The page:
Swordfish is the king of the sea for many Vineyarders. In Menemsha, signs of its once glorious past still dot the landscape. There is a sculpture near Menemsha Beach called the Swordfish Harpooner created by Jay Lagemann in 1994, and the Menemsha Texaco weathervane is a swordfish. Some of the fish shacks still showcase the tail of the fish nailed to the shingles and hung like a trophies.

At one point swordfish used to swim close to the Squibnocket shore, but 30 years ago they began disappearing from these waters. Local fishermen had to go farther and farther east, to the edge of Georges Bank to find them.

Sixteen years ago there was a national campaign to boycott eating swordfish because of concerns that it was both badly managed worldwide and severely overfished.

The king of fish was no more, and its presence in Vineyard life sadly diminished.

Richard Ellis, an author of many books on fish and the ocean, has devoted a whole book to swordfish. He is a maritime journalist who gathers the pieces of a complicated topic and brings it to life. But there is nothing simple about telling the swordfish story: its science, its history and its decline.

In the mid-1900s, swordfish was a huge part of Canadian maritime fishing, especially in Nova Scotia. Swordfish, like all the pelagic fish, touches many shores. It affects the lives of commercial and recreational fishermen and their families and communities worldwide. Today, swordfish still are pursued by fishermen in boats of every size and speed. They are caught in all sizes, from hundreds of pounds to less than 40 pounds.

“Like tuna, swordfish have no scales, the better to pass through the water smoothly,” Mr. Ellis writes. “Some regard the swordfish as the most powerful fish in the ocean; its ability to drive its sword through a foot or more of a ship’s oak planking supports such a contention. The swordfish’s dorsal coloration has been described as iridescent purple, bronze, brownish-black, blue-gray, or dark silver, but the belly is always silvery-white. Aside from the spear, the most prominent features of the sword fish are its enormous eyes, as big as an orange, and a brilliant blue in life.”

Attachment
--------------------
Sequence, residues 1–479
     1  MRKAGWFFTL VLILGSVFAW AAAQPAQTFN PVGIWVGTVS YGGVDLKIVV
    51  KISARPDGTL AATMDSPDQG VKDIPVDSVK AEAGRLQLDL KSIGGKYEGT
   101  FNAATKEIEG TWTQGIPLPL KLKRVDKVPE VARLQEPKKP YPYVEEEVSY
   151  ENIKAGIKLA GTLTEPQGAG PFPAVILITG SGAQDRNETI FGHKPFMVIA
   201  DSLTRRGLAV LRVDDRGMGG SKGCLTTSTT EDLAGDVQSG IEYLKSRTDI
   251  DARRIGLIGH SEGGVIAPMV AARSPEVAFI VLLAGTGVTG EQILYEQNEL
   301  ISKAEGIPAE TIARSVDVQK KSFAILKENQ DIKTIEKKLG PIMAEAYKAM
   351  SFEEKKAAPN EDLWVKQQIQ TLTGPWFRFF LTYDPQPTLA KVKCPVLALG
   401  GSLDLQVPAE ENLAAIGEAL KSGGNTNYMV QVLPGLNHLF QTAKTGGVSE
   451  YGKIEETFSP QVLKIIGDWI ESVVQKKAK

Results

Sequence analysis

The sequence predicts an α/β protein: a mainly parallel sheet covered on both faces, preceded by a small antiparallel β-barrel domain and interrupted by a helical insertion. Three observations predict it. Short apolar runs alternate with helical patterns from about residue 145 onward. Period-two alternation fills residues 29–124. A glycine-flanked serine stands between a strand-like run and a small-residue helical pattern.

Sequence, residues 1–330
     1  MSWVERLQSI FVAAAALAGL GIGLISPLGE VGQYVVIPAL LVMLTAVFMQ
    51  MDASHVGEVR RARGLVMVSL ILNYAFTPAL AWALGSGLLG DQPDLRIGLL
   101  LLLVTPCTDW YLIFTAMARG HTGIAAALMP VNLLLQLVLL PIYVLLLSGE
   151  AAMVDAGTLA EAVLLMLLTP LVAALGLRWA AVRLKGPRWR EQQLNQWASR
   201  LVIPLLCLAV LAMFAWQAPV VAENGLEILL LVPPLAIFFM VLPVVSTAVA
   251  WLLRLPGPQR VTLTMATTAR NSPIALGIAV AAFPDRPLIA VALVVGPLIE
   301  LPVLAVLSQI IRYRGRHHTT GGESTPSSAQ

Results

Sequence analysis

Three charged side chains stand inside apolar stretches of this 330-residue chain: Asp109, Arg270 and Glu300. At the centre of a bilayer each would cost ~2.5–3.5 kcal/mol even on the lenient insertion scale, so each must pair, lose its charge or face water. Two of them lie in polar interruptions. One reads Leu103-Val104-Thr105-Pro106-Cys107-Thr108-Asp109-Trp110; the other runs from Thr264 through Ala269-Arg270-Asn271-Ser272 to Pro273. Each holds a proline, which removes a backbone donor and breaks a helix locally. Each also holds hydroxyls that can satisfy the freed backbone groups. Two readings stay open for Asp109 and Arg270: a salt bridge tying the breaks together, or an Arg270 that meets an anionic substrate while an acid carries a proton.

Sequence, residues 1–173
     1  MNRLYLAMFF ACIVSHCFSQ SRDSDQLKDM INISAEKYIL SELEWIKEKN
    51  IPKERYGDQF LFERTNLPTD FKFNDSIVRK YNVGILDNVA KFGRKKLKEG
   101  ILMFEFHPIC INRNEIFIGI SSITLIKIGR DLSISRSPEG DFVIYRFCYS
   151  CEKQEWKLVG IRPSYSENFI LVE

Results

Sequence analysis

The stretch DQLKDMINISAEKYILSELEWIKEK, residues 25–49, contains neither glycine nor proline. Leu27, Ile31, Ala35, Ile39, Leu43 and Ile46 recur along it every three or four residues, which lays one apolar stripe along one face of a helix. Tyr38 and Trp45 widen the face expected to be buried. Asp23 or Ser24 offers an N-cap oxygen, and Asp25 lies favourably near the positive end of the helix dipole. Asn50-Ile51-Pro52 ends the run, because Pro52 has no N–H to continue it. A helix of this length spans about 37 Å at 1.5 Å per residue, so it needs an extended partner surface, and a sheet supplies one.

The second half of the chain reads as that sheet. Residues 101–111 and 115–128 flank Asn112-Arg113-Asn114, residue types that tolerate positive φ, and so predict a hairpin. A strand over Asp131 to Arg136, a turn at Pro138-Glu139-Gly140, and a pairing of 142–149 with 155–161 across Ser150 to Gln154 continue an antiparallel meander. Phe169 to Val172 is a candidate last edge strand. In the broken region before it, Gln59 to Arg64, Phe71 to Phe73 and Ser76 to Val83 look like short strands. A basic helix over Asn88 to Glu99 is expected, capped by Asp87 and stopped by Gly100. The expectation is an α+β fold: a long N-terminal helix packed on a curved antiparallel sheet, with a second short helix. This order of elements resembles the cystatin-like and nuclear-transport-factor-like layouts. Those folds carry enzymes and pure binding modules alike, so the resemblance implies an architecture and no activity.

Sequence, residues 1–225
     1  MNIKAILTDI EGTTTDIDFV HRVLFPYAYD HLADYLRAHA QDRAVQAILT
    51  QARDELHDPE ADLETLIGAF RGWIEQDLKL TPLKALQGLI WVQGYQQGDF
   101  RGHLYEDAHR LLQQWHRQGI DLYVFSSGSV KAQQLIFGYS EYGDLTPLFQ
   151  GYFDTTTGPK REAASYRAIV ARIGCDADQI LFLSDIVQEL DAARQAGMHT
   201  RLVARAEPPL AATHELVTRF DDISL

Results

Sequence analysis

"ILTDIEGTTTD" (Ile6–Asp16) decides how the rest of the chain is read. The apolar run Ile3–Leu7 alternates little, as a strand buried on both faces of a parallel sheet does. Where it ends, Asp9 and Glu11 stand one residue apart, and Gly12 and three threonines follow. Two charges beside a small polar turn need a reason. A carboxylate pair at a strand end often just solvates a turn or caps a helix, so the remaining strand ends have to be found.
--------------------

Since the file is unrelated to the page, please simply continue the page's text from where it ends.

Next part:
This is a fish that swims to the deepest parts of the ocean and displays almost human-like anger when it is caught. If Herman Melville had fished out of Menemsha on a swordfishing boat, Moby-Dick would not have been a whale.

In addition to being a commercial fishery, swordfish are a game fish and several parts of the book are devoted to the sport and the sportsmen. Ernest Hemingway pursued them, as did many of his contemporaries. When the fish was doing well, it was not unusual to hear of anglers landing fish in excess of 500 pounds. A female swordfish can reach 1,000 pounds.

In 1977 anglers in Fort Lauderdale held their first swordfish tournament and it was a great success. Six years later, the tournament ended for lack of fish. No fish were caught nor seen.

“Swordfish have been targeted by commercial fishers for centuries,” writes Mr. Ellis. “The early fishermen who used harpoons and spears had a deleterious effect on individual swordfish but were of little consequence to swordfish populations as a whole. It was not until the introduction of longlines, unquestionably the deadliest (and most effective) fishing method ever devised that the swordfish populations began to tumble.”

Longline fishing involves ships cruising the ocean, trailing miles and miles of monofilament fishing line with thousands of baited hooks.

There is a positive side to the swordfishing story, though. The fishery has recovered somewhat and U.S. fisheries managers have relaxed their restrictive regulations. The changes will not bring harpooning back to New England like we remember, but the fish will return in greater abundance to local fish markets and restaurants. The boycott is long over, but the question as to whether it is right to eat swordfish again lingers. My answer is yes, eat swordfish if it is harpooned or handlined. Avoid longlined imported swordfish.

In his book, Mr. Ellis credits the efforts of conservationists and public awareness in bringing the swordfish back. And this is the swordfish’s biggest story — survival.

Swordfish, A Biography of the Ocean Gladiator. By Richard Ellis, The University of Chicago Press, 280 pages, illustrated, photographs. Hardcover $26.